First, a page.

lieutenant du Procureur de Nantes will read."

The officer rose, and read the following paper of charges, which I
shall condense:--

"Having heard the bitter complaints of several of the inhabitants of
the diocese of Nantes, whose names follow hereinafter (here follow the
names of the parents of the lost children), we, Philippe do Livron,
lieutenant assesseur of Messire le Procureur de Nantes, have invited,
and do invite, the very noble and very wise Messire Pierre de
l'Hospital, President of Brittany, &c., to bring to trial the very
high and very powerful lord, Gilles de Laval, Sire de Retz, Machecoul,
Ingrande and other places, Councillor of his Majesty the King, and
Marshal of France:

"Forasmuch as the said Sire de Retz has seized and caused to be seized
several little children, not only ten or twenty, but thirty, forty,
fifty, sixty, one hundred, two hundred, and more, and has murdered and
slain them inhumanly, and then burned their bodies to convert them to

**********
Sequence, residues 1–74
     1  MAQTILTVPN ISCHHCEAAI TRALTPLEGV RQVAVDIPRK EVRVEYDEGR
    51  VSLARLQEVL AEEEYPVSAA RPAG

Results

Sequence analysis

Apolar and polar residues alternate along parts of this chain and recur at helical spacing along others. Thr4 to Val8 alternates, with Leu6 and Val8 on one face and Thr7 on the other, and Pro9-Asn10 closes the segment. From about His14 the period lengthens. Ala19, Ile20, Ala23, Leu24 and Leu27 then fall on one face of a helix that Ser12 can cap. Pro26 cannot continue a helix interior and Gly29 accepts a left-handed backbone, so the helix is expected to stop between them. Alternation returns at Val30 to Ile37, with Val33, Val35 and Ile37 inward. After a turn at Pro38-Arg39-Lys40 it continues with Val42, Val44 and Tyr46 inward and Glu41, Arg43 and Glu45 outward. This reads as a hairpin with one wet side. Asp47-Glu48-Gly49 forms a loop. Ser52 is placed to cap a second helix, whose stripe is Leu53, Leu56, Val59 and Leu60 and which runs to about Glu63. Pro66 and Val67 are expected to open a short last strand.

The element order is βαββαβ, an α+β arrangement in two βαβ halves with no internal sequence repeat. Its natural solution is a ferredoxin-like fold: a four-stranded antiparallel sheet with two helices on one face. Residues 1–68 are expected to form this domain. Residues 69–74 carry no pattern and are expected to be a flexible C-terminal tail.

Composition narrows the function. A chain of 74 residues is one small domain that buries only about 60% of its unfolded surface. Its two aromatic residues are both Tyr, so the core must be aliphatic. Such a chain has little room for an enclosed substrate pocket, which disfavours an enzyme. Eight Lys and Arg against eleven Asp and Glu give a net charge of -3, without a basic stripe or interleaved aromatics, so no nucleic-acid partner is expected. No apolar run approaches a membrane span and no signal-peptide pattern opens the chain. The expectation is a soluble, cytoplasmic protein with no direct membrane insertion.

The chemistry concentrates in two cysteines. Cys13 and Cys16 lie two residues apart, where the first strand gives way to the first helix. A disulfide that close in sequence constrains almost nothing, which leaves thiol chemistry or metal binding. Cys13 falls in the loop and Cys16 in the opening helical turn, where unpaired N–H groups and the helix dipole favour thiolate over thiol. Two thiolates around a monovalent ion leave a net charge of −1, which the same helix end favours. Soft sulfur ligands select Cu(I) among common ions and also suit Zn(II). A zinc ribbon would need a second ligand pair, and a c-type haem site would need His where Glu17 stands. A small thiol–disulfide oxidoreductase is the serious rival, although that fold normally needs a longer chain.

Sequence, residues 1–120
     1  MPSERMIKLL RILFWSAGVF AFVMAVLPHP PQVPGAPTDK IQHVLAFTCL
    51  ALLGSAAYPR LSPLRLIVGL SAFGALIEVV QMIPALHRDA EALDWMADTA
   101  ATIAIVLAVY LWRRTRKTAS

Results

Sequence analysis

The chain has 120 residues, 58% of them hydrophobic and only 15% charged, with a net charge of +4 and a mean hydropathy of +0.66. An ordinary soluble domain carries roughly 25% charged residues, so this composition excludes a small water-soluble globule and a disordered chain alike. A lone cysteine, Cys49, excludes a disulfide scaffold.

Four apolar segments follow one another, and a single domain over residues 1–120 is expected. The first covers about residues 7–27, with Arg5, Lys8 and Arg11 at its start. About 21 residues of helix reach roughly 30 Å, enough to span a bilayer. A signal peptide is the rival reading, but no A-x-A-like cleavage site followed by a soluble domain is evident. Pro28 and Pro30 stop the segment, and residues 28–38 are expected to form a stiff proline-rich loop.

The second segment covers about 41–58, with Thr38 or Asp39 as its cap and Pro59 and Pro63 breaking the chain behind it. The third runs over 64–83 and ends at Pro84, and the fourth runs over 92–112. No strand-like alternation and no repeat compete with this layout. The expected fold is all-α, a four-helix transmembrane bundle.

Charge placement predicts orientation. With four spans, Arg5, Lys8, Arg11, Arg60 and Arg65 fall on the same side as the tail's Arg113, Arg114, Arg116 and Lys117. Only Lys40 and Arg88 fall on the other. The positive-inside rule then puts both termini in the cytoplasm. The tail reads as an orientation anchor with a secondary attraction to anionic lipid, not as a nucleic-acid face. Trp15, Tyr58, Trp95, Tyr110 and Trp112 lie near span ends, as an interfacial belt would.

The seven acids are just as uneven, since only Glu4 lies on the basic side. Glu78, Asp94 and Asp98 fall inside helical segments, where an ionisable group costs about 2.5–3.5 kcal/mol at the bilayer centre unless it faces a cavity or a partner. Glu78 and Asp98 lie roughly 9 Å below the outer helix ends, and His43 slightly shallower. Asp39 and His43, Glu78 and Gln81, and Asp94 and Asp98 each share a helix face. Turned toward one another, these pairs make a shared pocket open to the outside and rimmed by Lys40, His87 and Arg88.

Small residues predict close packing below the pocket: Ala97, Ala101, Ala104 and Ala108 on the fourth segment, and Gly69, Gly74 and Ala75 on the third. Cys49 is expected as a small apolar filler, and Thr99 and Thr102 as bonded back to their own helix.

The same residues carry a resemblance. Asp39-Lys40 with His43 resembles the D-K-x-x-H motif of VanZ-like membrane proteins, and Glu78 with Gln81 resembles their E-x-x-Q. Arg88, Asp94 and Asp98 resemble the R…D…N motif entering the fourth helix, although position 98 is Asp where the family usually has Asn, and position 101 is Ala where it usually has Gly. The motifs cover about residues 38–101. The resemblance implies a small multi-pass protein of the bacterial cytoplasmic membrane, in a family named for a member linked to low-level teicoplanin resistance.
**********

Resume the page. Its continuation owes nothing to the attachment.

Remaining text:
"Forasmuch as persevering in evil, the said Sire, notwithstanding that
the powers that be are ordained of God, and that every one should be
an obedient subject to his prince, . . . has assaulted Jean Leferon,
subject of the Duke of Brittany, the said Jean Leferon being guardian
of the fortress of Malemort, in the name of Geoffrey Leferon, his
brother, to whom the said lord had made over the possession of the
said place:

"Forasmuch as the said Sire forced Jean Leferon to give up to him the
said place, and moreover retook the lordship of Malemort in despite of
the order of the duke and of justice:

"Forasmuch as the said Sire arrested Master Jean Rousseau, sergeant of
the duke, who was sent to him with injunctions from the said duke, and
beat his men with their own staves, although their persons were under
the protection of his grace:

"We conclude that the said Sire de Retz, homicide in fact and in
intent according to the first count, rebel and felon according to the
second, should be condemned to suffer corporal punishment, and to pay
a fine of his possessions in lands and goods held in fief to the said
nobleman, and that these should be confiscated and remitted to the
crown of Brittany."